Mr. Reynolds

Ladies and gentlemen of the jury,

Please take a look at the defendant. Mr. Reynolds, can you stand up please so the jury can see you? Ladies and gentleman of the jury, does this look like the face of a person who brutally murdered his family? Does this bloated globule of a man look like the type of person who uses 18 inches of pipe to bash in the skull of the woman he loved? Do those sparkling—Mr. Reynolds what color are your eyes?—Do those sparkling blue eyes show the desperation of someone who has lost all social restraint, someone who sits naked in a bathtub for hours, angrily scrubbing his skin raw while murmuring to himself about how his parents never wanted him, plotting his triumphant revenge on mankind in between bouts of crying and satanic laughter, scheming deviously about how best to snuff out the light from his wife and his 3-year old daughter’s eyes?

I say thee nay. Mr. Reynolds may not have what society calls intelligence. He may not be the kind of person you make small-talk with on an elevator. He may not even conform to traditional norms of self-hygiene and basic grooming. However, one thing Mr. Reynolds is not is a repeat rapist-murderer. He made that mistake once, paid his debt to society, and has learned from it.

No, Mr. Reynolds is the kind of guy who gets lost in a supermarket. He is the kind of guy that laughs when he smells things. Frankly, his brain is the size of your average walnut. The only steady job he has ever held was an unpaid four-week stint working in an apple orchard before the management of said orchard caught him talking to the trees. Mr. Reynolds couldn’t plot and carry out a murder. His organizational abilities rival that of most adolescent hamsters. He hasn’t the financial means to be purchasing lead piping all willy-nilly as the prosecution would have you believe, nor is Mr. Reynolds capable of even understanding the basic mechanics of force that would be necessary to realize that hitting an object with another object could alter the physical well-being of that first object.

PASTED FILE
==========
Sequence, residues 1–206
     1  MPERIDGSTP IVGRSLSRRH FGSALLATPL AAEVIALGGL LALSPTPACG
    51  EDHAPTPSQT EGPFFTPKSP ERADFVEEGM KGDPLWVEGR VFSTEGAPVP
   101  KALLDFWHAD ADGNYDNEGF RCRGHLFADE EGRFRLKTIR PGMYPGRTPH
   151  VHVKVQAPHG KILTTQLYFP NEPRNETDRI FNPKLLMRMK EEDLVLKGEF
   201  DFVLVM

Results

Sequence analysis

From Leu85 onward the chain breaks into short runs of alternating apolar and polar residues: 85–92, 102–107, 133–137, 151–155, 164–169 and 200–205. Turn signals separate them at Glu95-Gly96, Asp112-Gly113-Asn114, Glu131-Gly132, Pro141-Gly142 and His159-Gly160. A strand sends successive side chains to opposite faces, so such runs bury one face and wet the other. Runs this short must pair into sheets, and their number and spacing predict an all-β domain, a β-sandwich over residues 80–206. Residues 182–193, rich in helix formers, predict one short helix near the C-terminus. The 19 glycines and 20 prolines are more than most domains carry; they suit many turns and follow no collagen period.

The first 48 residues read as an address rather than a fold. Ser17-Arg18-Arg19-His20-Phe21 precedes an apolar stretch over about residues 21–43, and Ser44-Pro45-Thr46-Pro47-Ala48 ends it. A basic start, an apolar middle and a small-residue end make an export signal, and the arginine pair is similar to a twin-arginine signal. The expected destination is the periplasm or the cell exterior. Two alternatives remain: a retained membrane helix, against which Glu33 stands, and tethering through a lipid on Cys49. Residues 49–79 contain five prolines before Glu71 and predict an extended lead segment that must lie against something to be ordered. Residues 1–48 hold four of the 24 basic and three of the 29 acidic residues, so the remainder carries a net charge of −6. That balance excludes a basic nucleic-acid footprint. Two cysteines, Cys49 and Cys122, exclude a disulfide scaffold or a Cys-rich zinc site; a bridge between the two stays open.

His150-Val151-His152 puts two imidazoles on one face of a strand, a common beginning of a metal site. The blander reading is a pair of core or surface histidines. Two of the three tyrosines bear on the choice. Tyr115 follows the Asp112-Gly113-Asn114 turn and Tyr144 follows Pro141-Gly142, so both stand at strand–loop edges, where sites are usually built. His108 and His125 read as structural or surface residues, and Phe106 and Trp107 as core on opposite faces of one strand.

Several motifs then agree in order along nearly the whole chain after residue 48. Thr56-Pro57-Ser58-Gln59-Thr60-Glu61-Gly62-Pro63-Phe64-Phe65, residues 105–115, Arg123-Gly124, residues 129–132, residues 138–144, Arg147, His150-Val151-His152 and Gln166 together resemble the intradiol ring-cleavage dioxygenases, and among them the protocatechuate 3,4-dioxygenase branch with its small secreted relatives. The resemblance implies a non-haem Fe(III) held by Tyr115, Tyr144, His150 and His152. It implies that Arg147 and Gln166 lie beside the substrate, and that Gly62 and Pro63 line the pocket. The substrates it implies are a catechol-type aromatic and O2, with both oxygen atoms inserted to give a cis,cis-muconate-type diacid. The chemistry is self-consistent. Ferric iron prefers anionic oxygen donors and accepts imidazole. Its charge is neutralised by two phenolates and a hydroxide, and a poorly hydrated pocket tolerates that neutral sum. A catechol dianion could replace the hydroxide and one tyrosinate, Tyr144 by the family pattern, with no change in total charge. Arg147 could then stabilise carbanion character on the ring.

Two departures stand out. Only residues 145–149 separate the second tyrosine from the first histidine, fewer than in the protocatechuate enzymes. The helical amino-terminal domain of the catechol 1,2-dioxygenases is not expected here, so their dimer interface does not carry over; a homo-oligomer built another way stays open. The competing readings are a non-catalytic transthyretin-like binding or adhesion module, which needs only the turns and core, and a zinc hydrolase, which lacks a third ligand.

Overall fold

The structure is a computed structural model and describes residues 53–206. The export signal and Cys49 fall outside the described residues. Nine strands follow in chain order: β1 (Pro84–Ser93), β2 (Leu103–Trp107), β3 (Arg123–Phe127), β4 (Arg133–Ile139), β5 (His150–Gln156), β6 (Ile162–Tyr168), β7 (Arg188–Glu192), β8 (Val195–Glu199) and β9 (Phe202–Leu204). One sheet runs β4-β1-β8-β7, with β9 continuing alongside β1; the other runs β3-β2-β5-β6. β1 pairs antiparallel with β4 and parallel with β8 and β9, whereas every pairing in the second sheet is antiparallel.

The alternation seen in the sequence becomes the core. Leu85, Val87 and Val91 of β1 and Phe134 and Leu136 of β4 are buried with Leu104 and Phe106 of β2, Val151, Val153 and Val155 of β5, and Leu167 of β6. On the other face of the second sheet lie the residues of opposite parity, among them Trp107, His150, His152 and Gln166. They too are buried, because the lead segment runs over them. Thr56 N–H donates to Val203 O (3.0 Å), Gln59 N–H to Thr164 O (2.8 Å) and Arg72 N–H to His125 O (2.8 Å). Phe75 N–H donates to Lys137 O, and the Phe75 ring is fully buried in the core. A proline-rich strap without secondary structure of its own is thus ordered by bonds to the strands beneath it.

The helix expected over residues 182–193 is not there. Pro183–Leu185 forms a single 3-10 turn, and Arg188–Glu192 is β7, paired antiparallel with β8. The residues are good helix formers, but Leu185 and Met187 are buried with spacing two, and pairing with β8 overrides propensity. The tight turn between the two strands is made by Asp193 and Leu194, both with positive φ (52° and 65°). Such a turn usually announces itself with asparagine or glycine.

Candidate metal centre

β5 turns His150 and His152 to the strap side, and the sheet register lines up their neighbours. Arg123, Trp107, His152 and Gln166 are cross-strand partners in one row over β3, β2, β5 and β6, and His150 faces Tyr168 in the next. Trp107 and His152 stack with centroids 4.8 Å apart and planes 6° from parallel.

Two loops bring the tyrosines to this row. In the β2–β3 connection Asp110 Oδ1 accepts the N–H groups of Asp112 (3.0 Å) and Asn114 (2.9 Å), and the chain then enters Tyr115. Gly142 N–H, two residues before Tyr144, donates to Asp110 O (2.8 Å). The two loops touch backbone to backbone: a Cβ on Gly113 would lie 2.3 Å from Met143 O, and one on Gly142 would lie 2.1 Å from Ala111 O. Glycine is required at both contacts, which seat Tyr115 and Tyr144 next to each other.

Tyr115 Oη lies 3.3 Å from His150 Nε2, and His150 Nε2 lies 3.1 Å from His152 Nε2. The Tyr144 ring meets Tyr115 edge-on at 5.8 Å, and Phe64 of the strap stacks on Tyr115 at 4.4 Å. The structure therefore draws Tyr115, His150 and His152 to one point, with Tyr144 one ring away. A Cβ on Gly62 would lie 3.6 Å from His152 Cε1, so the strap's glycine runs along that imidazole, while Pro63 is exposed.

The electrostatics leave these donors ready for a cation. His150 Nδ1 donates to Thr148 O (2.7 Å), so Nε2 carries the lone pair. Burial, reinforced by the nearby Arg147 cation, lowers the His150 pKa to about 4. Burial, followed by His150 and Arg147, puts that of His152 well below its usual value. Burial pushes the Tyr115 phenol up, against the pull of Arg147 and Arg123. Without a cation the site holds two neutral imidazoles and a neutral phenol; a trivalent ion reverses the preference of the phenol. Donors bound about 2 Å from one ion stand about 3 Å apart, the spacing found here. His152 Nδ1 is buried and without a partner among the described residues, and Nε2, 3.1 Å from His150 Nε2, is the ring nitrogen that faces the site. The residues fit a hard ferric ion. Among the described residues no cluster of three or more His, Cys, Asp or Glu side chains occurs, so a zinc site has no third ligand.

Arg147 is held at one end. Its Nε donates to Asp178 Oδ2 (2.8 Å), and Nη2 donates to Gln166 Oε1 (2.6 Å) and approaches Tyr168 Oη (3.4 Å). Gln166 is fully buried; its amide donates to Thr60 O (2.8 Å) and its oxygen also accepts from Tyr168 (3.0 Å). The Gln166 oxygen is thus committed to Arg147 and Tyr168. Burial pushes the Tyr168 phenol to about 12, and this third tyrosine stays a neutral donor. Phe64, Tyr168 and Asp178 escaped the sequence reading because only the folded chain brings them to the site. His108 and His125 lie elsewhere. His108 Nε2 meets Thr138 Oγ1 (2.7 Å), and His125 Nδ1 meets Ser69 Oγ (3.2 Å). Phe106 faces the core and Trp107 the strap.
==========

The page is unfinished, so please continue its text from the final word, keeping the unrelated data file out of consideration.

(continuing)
I cite Mr. Reynolds’ history if you do not believe me. To date, Mr. Reynolds has had just four original thoughts in his entire life, two of which occurred during his first two years of third grade. Mr. Reynolds’ mental facility places him firmly within a class of people that are not legally allowed to drive in 22 states. He has a face only a mother could love, and his best friend is a 1958 buffalo nickel. He wears Velcro shoes and is dressed each morning by a Dominican midwife named Jacinda. Put plainly, Mr. Reynolds is slower than 61% of Rutgers students.

So, ladies and gentleman of the jury, I leave you with the following thought. Mr. Reynolds is a malleable ball of fat-putty, incapable of human emotion as we know it, and unfit to breathe the same air as you or me. Please be gentle with his sentence, or he may get frightened. Thank you.

The defense rests,
A.T. Piskai, court-appointed public defender

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